FOR IMMEDIATE RELEASE
Contact: Jamal Abdi
Email: [email protected]
National Iranian American Council (NIAC) Policy Director Jamal Abdi issued the following statement regarding Congressional letters on U.S.-Iran negotiations sponsored by Senators Robert Menendez (D-NJ) and Lindsey Graham (R-SC) in the Senate and Representatives Eric Cantor (R-VA) and Steny Hoyer (D-MD) in the House:
The attempts by some organizations and elected officials to undermine U.S. negotiations with Iran and to undo the historic diplomatic achievement of the Joint Plan of Action (JPOA) have been met by the reality that the Obama Administration, the American people, and a majority in Congress are united in their desire to resolve the nuclear standoff with Iran peacefully. Americans do not want war or more sanctions and believe that now is time to give diplomacy a chance to succeed. Their elected officials are following their lead.
The American Israel Public Affairs Committee (AIPAC) has been at the center of efforts that would derail diplomacy. After failing to pass new sanctions that President Obama promised to veto and the Senate refused to consider, then failing to secure introduction of a Congressional resolution outlining ultimatums for a final deal that House Democratic leadership would not endorse, AIPAC has been forced to settle for plan C in the form of a House letter and Senate letter.
NIAC welcomes that both of these letters acknowledge the most critical area where Congress must focus its energy to ensure that diplomacy succeeds—lifting sanctions if and when a final deal is struck. It is critical that Congress work with the Administration to ensure necessary authorizations are in place to enable nuclear-related sanctions to be lifted, as outlined by the JPOA. Those authorizations do not currently exist. Without efforts to begin resolving this, a hard fought diplomatic victory could fall victim to the difficult process of removing sanctions. NIAC is pleased to see that AIPAC is supporting letters that recognize this reality.
However, NIAC has serious concerns with the language in the Senate letter regarding demands for a final deal. NIAC outlined its position on what principles should guide Congressional action regarding U.S.-Iran diplomatic efforts in a recent letter to Congressional leadership that was signed by forty organizations. That letter urged that Congress uphold the JPOA, not issue demands on negotiations that contradict the interim terms or the terms outlined for a final deal in JPOA, and that Congress work with the Administration regarding the need to eventually lift sanctions.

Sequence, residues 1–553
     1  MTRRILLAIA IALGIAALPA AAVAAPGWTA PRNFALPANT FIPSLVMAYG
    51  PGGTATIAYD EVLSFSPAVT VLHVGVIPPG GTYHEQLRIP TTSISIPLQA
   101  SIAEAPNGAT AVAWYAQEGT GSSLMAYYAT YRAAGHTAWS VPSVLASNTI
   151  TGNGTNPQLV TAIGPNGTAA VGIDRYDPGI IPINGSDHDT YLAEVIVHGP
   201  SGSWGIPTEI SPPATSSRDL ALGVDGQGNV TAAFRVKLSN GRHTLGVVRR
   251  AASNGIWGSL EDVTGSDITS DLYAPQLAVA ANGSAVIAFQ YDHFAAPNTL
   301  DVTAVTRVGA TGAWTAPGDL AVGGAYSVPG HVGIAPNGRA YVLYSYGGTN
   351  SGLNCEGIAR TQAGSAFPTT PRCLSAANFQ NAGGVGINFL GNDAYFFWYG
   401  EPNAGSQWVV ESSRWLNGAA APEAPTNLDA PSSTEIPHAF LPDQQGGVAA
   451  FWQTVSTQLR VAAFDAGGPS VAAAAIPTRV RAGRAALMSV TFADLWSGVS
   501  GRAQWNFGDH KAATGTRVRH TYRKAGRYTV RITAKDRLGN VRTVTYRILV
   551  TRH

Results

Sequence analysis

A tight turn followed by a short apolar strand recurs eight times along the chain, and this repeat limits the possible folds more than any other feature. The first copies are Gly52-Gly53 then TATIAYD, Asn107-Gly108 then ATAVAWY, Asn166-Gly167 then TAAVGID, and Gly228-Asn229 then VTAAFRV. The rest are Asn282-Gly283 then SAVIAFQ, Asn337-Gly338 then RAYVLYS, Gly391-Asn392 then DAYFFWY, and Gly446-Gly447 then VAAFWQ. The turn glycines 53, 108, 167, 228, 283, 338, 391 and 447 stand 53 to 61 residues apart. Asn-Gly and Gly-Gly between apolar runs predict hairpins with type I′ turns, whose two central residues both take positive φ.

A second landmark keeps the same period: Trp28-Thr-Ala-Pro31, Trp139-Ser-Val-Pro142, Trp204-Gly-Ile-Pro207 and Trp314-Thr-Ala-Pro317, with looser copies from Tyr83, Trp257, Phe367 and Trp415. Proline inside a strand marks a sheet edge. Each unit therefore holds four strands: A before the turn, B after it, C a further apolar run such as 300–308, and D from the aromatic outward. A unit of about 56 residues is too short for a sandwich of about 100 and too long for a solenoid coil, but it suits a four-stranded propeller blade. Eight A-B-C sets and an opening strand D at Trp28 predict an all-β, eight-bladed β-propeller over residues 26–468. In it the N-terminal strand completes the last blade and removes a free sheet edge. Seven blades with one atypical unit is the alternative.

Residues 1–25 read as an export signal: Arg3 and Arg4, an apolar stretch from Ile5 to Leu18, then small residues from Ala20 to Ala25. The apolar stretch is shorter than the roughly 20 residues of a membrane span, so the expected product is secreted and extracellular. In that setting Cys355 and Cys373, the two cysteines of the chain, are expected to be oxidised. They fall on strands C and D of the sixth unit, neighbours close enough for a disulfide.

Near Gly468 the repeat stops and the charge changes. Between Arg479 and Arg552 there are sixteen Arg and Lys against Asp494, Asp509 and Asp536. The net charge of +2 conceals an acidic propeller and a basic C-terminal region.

The House letter meets those standards. NIAC has minor concerns with the House letter, but will not oppose it and commends the efforts of those in the House who succeeded in securing a more balanced letter.
Unfortunately, the Senate letter does not meet those standards and NIAC therefore opposes the Senate letter.
The Senate letter uses new language to offer old ultimatums that will complicate ongoing negotiations, box-in U.S. negotiators, signal that the U.S. would violate the terms outlined in the JPOA, and serve as an invitation to hardliners in Iran to issue similar escalatory demands that will narrow options for compromise. Sections of the letter will be construed to rule out any final deal in which Iran retains a civilian enrichment program, in contradiction of the Joint Plan of Action. This, in combination with demands regarding dismantlement of infrastructure and facilities, and requiring the deal to have regional implications beyond its scope, can only interfere with the work of U.S. diplomats to resolve key concerns at the negotiating table.
NIAC urges that the Administration and Congress coordinate closely regarding ongoing negotiations and work towards the shared goal of preventing a nuclear-armed Iran and averting a disastrous war. NIAC urges that members of the Senate abstain from signing onto the Menendez-Graham letter and instead consider language that supports the ongoing negotiations towards a final deal instead of adding unnecessary complications.